We may be moving into the Age of the iPad and the Kindle, but real printed-on-paper books–with their irreplaceable mix of aesthetic, sensual, and intellectual delights–are not going to disappear any time soon. One of the great pleasures for an interior designer is accommodating a client’s library, and one of the most satisfying solutions is to put shelves behind a comfortable sofa, so that favorite books are always within arm’s reach. Here are some winning examples of this time-tested strategy by members of Designers Collaborative.
Tim Button: At Stedila Design we created a warm and welcoming reading nook in this small East Hampton dining room/library by dedicating an entire wall to shelving. In front we put an alcove-spanning settee, mounting sconces at each end for great reading light. It’s an open invitation to curl up with a good book.
Glenn Gissler: This Manhattan apartment library uses many of the reading room’s classic elements–floor-to-ceiling shelves, leather-upholstered sofas, a patterned rug, table lamps–but thanks to the careful use of proportion, color, and scale, the feeling is lightly modern rather than heavily traditional.
Barry Goralnick: I designed this understated study/guest room in a large Central Park West apartment for an author and professor. The wife of an acclaimed actor, she wanted a table, not a desk, so we purchased this one from Lee Calicchio Antiques. The sofa, a custom sleeper of my design, sits in a niche surrounded by handsome mahogany bookshelves and cabinets; the adjacent window provides excellent light for reading. The William Freed painting over the table is from Acme Fine Art in Boston.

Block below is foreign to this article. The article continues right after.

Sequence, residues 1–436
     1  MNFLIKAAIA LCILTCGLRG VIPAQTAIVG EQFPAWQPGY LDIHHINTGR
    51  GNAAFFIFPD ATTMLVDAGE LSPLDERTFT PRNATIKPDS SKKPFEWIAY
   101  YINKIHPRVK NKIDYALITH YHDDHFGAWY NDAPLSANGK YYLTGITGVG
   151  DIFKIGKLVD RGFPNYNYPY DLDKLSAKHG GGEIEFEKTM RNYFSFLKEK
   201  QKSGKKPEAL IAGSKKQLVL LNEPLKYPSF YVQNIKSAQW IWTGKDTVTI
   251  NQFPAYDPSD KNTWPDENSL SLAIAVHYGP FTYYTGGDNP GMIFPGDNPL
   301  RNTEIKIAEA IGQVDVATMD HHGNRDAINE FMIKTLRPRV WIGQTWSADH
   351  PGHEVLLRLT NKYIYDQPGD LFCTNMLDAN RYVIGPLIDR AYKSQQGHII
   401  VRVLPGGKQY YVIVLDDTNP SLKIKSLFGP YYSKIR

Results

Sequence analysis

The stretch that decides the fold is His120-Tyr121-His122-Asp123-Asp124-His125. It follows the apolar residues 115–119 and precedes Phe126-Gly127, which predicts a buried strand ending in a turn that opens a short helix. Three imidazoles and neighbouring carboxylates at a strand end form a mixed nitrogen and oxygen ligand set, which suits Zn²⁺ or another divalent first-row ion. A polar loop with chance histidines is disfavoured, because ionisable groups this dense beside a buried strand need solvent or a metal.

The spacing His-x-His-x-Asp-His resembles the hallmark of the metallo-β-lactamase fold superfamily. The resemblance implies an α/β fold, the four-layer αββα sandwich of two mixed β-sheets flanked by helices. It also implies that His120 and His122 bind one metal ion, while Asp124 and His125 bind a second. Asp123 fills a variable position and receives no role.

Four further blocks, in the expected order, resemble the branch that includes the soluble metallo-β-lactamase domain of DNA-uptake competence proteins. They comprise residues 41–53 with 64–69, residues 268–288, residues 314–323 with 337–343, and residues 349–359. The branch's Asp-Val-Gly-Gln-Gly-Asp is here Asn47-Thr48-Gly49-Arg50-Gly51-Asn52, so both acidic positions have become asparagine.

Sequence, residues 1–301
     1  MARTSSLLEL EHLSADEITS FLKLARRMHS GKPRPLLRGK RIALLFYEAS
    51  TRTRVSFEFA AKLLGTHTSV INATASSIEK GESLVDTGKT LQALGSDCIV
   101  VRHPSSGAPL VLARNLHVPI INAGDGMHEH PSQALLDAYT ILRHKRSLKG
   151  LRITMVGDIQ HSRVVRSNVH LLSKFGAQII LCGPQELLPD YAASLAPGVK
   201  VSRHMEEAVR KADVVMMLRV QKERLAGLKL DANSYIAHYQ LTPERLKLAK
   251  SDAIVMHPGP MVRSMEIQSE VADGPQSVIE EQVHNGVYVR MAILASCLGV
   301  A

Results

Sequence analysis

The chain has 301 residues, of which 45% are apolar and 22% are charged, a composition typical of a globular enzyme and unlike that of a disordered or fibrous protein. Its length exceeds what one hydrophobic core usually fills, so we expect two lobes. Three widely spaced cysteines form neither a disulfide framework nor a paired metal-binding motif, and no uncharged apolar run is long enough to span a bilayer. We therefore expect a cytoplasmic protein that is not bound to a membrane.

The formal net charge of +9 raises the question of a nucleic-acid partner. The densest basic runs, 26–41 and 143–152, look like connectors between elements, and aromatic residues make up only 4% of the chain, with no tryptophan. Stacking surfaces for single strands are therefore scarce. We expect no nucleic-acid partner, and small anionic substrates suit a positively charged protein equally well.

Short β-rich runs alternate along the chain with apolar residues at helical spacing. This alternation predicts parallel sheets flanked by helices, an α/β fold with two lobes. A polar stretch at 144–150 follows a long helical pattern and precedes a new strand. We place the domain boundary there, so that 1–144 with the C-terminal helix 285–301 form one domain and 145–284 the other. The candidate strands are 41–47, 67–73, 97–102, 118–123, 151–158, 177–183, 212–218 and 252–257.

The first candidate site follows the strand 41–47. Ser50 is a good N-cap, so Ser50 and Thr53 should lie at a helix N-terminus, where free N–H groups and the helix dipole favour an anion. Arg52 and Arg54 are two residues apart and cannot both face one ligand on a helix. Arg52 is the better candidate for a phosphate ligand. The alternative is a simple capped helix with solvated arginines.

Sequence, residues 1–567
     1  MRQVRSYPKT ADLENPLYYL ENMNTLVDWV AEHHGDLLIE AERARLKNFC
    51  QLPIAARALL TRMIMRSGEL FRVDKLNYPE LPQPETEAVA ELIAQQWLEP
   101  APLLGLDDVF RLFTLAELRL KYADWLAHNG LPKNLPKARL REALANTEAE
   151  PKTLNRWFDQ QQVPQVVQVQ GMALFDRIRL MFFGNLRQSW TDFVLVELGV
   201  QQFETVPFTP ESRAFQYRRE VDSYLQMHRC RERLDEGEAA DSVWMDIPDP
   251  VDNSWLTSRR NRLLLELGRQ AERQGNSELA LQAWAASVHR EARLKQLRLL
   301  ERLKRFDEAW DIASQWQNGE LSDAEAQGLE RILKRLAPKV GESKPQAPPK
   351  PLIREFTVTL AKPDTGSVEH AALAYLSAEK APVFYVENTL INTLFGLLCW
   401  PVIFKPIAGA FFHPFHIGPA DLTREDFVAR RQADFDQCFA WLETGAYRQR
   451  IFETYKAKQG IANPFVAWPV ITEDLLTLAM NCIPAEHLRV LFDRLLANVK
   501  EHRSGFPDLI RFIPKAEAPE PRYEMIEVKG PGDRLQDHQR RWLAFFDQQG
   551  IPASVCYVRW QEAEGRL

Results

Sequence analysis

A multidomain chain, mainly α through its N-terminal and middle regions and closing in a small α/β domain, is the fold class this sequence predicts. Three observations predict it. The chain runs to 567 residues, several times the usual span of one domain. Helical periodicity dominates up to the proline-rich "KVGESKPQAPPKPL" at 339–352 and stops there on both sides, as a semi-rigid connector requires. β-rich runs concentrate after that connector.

Glenn Gissler: Almost like an abstract work of art, book-lined shelves add a dash of color to the mostly black, brown, and white palette of this Greenwich Village penthouse apartment I designed for fashion maestro Michael Kors. The sofa and coffee table are modern classics by Florence Knoll.
Bruce Bierman: The all-red palette used in this small New York City library integrates the elements–the sofa almost seems a part of the shelving–but the subtle interplay of the different surface textures, from glossy enamel to the wool carpeting, creates welcome visual interest.
Tim Button: The bookshelves in the library of this Chestnut Hill, MA, house were originally light oak, but we stained them dark to add character to the room. The high-back sofa is slightly curved for a feeling of cozy enclosure.